Cinema Addict - 1165 Rankings
Member Since: Jul 7, 2014
Bio: I love film and rate according to genre and/or a director's body of work.
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|70 T6||Casa de Lava (1994) - Sep 22, 2017
"C.D.L was a transitional film that featured elements of Costa's future style before the radical formal break occured. It pales in comparative significance due to Costa's complete mastery of a unique minimalist style in the interim with a strong emphasis on dimly lit interiors. Nonetheless, it's a key work in his oeuvre that has moments of real atmospheric beauty, capturing his obvious talent in its raw embryonic state, but the concentrated intensity of Colossal Youth was still years away."
|58 T4||Color of Night (1994) - Sep 19, 2017
"(Viewed in 2013): Scoring this film is pointless. I could give it 20 or 70, depending on my mood or speculations of what Rush's intentions were. Rush has always been a shameless purveyor of excess, but C.O.N is over the top in such an aggressively moronic way that it reaches near meta levels of stupidity. It's a tawdry psychological thriller with a twist so obvious that one has to question whether the entire film was a private joke that only he (and maybe Willis) was in on. A guilty pleasure."
|53 T3||Friday the 13th (1980) - Sep 18, 2017
"Friday The 13th is commonly viewed as little more than a Halloween clone, but it's arguably closer in style to Bay of Blood with its emphasis on gore and over the top (for its time) kills. Compared to Bava, Cunningham is a complete hack, yet Friday The 13th effectively employs a documentary like aesthetic that heightens the tension and makes great use of its atmospheric setting. The iconic score is chilling, but the film is too amateurish and silly to leave a truly lasting impression."
|75 T8||City Girl (1930) - Sep 18, 2017
"(Viewed in 2013): I have a small confession to make: I find Sunrise overrated. Yet I love Murnau. How do I reconcile the two? Quite easily in fact. City Girl is better than Sunrise because it's less of a showpiece and it doesn't sag in the middle. While it lacks the standout shots of Sunrise, its graceful rhythms, its ebb and flow, make for a smoother viewing experience. It's also less typical insofar as the rural folk are more corrupt than the city girl, who has good intentions. Underrated."
|78 T9||The Outlaw Josey Wales (1976) - Sep 18, 2017
"Clint has made a career of playing inscrutable characters, but T.O.J.W is probably the first real example of his directorial skill. It begins as a standard revenge story, but it takes many narrative detours and develops unexpectedly into a depthful quasi-Fordian take on a makeshift community of outcasts who band together to protect their own. Suttee's shadowy photography is stunning, capturing the jagged contours of the American landscape and the rustic interiors of period dwellings."
|73 T7||Camera Buff (1979) - Sep 17, 2017
"(Viewed on 14/12/12): C.B is an unadorned piece of social realist cinema that bears little visual resemblance to Kieslowski's better known films, but it shares their concerns about the interconnectedness of people. It's about a man who buys a camera and decides to film the world around him, which draws mixed responses from his family and friends. It's a thoughtful film that provides insight into a real artistic dilemma while explaining Kieslowski's decision to quit making documentaries."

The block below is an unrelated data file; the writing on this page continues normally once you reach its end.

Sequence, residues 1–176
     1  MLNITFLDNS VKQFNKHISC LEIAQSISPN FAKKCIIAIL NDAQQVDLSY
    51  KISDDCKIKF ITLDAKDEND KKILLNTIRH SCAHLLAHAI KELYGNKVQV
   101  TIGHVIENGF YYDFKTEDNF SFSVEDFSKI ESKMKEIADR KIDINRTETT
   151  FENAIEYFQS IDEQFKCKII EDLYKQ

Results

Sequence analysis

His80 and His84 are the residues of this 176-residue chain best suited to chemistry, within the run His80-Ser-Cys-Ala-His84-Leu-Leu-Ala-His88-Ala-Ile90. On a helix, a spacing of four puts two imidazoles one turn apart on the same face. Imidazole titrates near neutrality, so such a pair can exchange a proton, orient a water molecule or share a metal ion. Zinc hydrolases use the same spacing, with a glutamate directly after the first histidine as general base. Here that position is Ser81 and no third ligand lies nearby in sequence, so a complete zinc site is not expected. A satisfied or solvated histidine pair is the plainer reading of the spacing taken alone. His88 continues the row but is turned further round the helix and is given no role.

|63 T5||Blind Chance (1987) - Sep 17, 2017
"(Viewed on 22/02/15): Kieslowski's narrative innovations in Blind Chance have been obviously influential, and fans should be able to appreciate it as a transitional work that builds a bridge between his earlier, more explicitly political concerns and his later films that are defined by metaphysics and mood. The premise is original, but the role of destiny in shaping human lives is not as effectively explored as it's in his key works, and the political overtones compromise its universality."
|58 T4||Tucker: The Man and His Dream (1988) - Sep 17, 2017
"(Viewed on 5/02/11): Tucker's battle against the big corporations of his time has said to be analogous to Coppola's own struggle to establish Zoetrepe as a legitimate heir to United Artists in a market dominated by major players and rapid commercialisation. Needless to say, both stories ended in failure (Zoetrope is a pale shadow of its former self). The personal connection is more interesting than the film, which is a rote TV style biopic with decent performances and a lack of substance."
|63 T5||The Gold of Naples (1954) - Sep 17, 2017
"(Viewed on 14/05/11): De Sica's anthology film pays tribute to the colourful sights and sounds of Naples all of its decrepit glory. The characters are mostly stereotypes, which certainly dates it, but they are performed with such gusto by an all star cast that it hardly matters. As far as broad Italian comedies from the period are concerned, this is a notch or two above the pack, mostly due to the efforts of a committed cast and some decent segments, especially the ones with Loren and De Sica."
|85 T10||The Last Laugh (1924) - Sep 17, 2017
"T.L.L was Murnau/Freund's astonishing answer to Griffith, employing a relatively fluid mobile camera to track movement and distort space to blow the possibilities of the medium wide open. Their work continues to impress, and the use of lighting to create atmosphere and mood and relay narrative information is second to none in early pioneering cinema. Jannings gives a truly iconic performance, and its tragi-comic tone is highly ambiguous, ending on a farcical note that masks a savage irony."